My daughter is finally recovered, though it took more than two weeks. I decided to take her off gluten for a while to see if it helps her lingering symptoms. It's a ton of extra cooking, since it prevents her from eating breakfast and lunch at school as she used to, so I hope she's able to tolerate adding it back. I haven't felt wonderful myself lately. I've had a headache since Sunday, and it's Thursday now. I can't tell if I picked up her virus or if I'm just reacting to having to wake up hours before dawn to get everyone to school. Even our little five year old has to be on the bus before seven. I hope to someday have time to work on my store again. I'll let you know, of course!

Wednesday, August 20, 2014

Wendy's Busy Week

Wendy's Ballerina Trousseau

Today I was finally able to finish a Wendy-Kins trunk set I've had in the works for a while. Technically I guess it's a boxed set, as I've included a vintage hat box to store everything. I do so enjoy making trunk sets! I know I make more money when I sell pieces separately, but I just enjoy the little sets so much! I modeled this on after a similar Wendy ballerina trousseau sold by Madame Alexander in the 1950s. This is not an original Madame set. I put it together from various tagged and untagged Vogue and Madame Alexander pieces.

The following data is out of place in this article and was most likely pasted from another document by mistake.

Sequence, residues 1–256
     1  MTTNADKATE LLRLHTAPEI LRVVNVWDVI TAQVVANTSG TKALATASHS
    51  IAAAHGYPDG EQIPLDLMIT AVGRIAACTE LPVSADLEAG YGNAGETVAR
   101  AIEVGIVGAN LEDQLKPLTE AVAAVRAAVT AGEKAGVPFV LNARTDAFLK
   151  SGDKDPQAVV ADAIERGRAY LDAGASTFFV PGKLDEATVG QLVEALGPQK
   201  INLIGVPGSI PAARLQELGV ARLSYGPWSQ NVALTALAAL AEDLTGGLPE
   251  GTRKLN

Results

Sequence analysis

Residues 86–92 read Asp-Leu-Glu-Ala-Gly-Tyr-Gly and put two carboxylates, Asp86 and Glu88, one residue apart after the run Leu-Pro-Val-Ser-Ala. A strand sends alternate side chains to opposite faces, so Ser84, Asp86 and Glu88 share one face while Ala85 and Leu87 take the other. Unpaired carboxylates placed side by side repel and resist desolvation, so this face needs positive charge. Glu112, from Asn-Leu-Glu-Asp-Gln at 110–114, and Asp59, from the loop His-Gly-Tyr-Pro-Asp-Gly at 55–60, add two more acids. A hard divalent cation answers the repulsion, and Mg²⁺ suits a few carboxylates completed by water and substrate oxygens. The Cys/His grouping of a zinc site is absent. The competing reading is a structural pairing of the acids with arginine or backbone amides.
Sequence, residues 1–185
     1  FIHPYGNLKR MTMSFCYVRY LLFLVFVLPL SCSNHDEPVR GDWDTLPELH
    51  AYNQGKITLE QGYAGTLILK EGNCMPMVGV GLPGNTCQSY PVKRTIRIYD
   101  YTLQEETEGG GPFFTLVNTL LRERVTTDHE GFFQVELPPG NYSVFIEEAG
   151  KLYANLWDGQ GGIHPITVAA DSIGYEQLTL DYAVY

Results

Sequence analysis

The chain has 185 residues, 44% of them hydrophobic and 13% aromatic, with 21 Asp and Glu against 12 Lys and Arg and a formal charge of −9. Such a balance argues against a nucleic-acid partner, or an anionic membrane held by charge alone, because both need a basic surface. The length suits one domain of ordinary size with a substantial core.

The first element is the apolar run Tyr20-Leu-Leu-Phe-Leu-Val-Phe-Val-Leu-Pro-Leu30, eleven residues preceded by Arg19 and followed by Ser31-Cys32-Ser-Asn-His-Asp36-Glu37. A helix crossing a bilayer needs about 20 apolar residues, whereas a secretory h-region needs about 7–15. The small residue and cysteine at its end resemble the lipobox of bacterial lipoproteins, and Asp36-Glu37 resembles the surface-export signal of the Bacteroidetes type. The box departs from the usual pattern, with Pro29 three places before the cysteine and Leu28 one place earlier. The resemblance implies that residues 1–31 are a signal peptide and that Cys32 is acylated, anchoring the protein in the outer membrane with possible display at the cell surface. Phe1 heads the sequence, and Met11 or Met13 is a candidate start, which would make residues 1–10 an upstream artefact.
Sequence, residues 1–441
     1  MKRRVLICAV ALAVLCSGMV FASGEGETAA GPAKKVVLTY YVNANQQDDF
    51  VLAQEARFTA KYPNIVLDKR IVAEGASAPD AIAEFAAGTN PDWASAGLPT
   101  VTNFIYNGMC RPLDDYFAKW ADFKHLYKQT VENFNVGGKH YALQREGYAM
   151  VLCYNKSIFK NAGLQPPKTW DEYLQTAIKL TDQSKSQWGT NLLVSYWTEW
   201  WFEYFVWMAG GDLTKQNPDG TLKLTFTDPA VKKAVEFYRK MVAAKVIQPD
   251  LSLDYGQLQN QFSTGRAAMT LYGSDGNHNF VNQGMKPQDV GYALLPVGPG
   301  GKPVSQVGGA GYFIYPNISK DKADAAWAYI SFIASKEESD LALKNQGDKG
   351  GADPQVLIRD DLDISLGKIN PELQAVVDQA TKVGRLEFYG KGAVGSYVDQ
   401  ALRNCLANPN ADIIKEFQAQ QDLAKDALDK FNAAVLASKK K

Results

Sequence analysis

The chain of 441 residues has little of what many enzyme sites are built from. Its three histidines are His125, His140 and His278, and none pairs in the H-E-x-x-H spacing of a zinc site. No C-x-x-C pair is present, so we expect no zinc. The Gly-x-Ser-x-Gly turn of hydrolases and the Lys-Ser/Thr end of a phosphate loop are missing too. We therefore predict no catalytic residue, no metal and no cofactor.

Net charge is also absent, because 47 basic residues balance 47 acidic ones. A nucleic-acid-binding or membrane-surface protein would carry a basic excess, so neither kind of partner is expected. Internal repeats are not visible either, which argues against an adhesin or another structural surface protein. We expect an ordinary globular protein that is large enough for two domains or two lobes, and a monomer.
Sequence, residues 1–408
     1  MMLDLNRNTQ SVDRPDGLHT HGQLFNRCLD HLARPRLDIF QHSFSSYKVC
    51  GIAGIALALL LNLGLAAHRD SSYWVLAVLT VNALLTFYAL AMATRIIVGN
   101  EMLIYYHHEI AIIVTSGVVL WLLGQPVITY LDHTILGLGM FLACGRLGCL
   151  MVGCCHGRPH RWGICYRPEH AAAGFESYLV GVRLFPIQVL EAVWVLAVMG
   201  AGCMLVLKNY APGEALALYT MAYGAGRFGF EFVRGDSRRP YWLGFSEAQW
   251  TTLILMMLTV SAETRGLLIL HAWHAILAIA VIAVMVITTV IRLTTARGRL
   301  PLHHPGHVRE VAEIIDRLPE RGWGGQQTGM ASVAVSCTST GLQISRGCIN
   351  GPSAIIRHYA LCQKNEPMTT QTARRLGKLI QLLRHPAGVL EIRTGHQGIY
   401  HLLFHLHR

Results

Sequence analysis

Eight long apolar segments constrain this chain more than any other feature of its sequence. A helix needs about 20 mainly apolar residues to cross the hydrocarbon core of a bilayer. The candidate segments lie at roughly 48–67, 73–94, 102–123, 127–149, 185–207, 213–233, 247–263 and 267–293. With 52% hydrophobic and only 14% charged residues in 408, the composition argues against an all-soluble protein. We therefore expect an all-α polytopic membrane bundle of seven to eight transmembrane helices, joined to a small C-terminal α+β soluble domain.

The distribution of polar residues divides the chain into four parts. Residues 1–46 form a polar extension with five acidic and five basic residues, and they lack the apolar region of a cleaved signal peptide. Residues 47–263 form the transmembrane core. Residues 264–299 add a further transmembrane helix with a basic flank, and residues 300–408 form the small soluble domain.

Wendy and her things in a vintage hat box

Wendy came in a lot of dolls needing repair, including the Something Blue Cissy I have listed right now, a flapper doll, and a little Ginger doll. Wendy has the bent-knee walker body, a triple-stitched wig, and tan skin with very red lips. According to the Carol Stover Small Dolls book, this doll was made beginning in 1956.

The doll needed re-stringing.

The doll has molded hair under her wig.

Wendy needed re-stringing and had a small side seam split, which I repaired. I strung her somewhat loosely, since she already had a split, but tight enough that her walker will still function. She can sit and stand alone. Her wig was pretty much in its original set, although it was dirty and has some minor breakage. I cleaned it and fluffed the curls back up. Interestingly, you can see molded hair under this doll's wig, so it  was evidently used as Wendy as well as for boy dolls and baby dolls.

Her seam split, before and after repair

A while back I bought some doll wigs that came packed in a neat old hat box. There was a tiny crack in the lid, and whatever logo was once on the top was worn away. It's so cool, though, I've just been waiting to find a doll to fit in it. Wendy and her clothes all fit, although she has to bend her hips a bit, not stand straight. I printed her initial on parchment card stock, glued it on, and then finished the edge with buffing wax.

A vintage hat box custom-altered for Wendy

There's some wear to the box and an old label.